I was hoping for that, but unfortunately that is not the case. the GFS is consistently predicting a large system in the GOMEX. At first it was predicted for it to hit between the Lousiana TX border, now it is predicted to hit between the AL FL border. What bothers me is not the landfall points which have a great margin of error, but the consistency. GFS predicted Danielle and basically every other storm after that about two weeks before they even where in the map, so that trend cannot be ignored. The GFDL consistently predicted Karl and the GFS was predicting it 2 weeks prior to today as well then dropped it and a few days ago picked up on it again. But the one that surprised me the most was Gaston which the NHC insited was going to develop, but the GFS consistently did not even pick it up and Gaston when poof as predicted by the GFS. We cannot ignore that and based on trends only I would suggest that we need to be very alert about a possible system impacting the Gulf Coast from Texas to Florida two weeks from now.
Member Since: August 1, 2007 Posts: 0 Comments: 163
3275. bassis
2:10 PM GMT on September 16, 2010
I for one think that the information gleaned from WU is invaluable and have learned a lot from many here because different people have their eyes on different pieces of info. Last night Pat posted links that I might not have found if I was not here. Sj has great info and great jokes. DJ has great info and great sarcasm.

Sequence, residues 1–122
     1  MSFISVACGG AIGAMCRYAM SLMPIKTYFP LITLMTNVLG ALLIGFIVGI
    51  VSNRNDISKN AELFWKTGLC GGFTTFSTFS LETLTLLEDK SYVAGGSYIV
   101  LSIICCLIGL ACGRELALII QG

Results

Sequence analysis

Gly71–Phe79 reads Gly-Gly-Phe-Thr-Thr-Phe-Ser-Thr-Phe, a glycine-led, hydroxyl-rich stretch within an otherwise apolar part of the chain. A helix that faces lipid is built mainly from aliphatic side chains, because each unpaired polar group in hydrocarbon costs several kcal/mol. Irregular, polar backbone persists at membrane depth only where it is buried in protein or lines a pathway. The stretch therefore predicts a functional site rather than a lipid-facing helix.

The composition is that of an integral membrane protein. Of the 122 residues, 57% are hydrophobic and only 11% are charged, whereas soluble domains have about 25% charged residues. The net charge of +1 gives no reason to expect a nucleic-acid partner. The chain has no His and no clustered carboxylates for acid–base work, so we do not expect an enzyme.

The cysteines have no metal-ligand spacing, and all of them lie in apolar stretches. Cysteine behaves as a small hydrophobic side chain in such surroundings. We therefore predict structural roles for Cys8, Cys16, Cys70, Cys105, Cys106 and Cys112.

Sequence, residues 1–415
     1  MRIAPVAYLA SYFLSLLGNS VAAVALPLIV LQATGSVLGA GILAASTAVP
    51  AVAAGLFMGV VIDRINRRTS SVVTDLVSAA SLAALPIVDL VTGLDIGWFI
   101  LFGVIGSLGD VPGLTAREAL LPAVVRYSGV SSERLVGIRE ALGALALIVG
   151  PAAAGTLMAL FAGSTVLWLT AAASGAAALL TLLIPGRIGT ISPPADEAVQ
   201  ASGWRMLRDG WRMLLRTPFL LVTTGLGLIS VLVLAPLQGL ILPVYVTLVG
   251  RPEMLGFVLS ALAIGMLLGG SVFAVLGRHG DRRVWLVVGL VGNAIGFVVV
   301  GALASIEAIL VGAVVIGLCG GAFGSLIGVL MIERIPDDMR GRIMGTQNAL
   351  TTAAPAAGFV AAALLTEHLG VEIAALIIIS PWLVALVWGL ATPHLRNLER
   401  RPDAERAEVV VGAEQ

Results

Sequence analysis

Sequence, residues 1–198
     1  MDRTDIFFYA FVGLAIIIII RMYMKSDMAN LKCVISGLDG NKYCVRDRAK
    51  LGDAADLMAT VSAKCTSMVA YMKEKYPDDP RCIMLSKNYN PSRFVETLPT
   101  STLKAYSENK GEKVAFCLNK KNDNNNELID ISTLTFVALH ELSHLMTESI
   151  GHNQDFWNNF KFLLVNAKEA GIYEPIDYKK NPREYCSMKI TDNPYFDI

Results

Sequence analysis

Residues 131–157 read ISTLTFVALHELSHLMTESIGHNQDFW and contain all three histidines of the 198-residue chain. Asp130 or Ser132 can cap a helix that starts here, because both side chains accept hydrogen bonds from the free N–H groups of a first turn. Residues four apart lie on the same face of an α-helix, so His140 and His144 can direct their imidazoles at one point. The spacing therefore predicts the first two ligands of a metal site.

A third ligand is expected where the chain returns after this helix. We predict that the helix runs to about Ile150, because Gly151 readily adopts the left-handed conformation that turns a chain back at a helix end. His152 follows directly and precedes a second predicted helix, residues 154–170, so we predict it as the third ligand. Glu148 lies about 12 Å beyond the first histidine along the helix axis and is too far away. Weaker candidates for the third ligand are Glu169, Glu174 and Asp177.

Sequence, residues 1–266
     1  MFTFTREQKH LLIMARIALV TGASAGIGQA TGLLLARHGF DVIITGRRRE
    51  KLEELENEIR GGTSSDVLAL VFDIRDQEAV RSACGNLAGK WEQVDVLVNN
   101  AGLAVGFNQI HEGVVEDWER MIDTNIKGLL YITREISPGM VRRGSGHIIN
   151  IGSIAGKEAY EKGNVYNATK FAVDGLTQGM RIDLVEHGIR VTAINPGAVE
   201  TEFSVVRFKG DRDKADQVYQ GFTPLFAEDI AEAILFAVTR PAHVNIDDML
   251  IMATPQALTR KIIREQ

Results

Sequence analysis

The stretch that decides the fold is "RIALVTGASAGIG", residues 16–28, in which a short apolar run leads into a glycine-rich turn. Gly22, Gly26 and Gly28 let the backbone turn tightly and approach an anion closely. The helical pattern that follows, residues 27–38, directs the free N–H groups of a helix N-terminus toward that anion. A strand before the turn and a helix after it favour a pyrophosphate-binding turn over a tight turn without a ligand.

I will follow the chief to continue to learn but I will still come here for the diversity of knowledge available. This site is like no other and as others have mentioned, the void will be filled by those who come after.

I may increase my ignore list a little more liberal than before but to not come and learn would be MY MISTAKE
Member Since: September 8, 2008 Posts: 0 Comments: 423
3274. weatherportricheyfl
2:09 PM GMT on September 16, 2010
sorry everyone about the link its my computer
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3273. CalTex
2:08 PM GMT on September 16, 2010
3247. JamminNJ 1:53 PM GMT on September 16, 2010

You and I have both asked what the colors mean on a steering chart, but I'm guessing that we're being hidden as "below average." Log in at night and then ask the question again, as I will do. Someone will likely answer as the blog isn't busy.
Member Since: September 7, 2010 Posts: 0 Comments: 138
3271. hydrus
2:06 PM GMT on September 16, 2010
Quoting weatherportricheyfl:
has anyone seen the new gfs model as it shows its a devestating forecast for tampa Link,
Your link is not working.
Member Since: September 27, 2007 Posts: 1 Comments: 19537
3270. wxwatcherMSGC
2:06 PM GMT on September 16, 2010
I agree with Pottery and CTSkywatcher. I have lurked here for several years and have never posted. Thanks to all who have and will post valid info for good open discussions and knowledge.
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3269. Neapolitan
2:05 PM GMT on September 16, 2010
NEW BLOG
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3268. Thundercloud01221991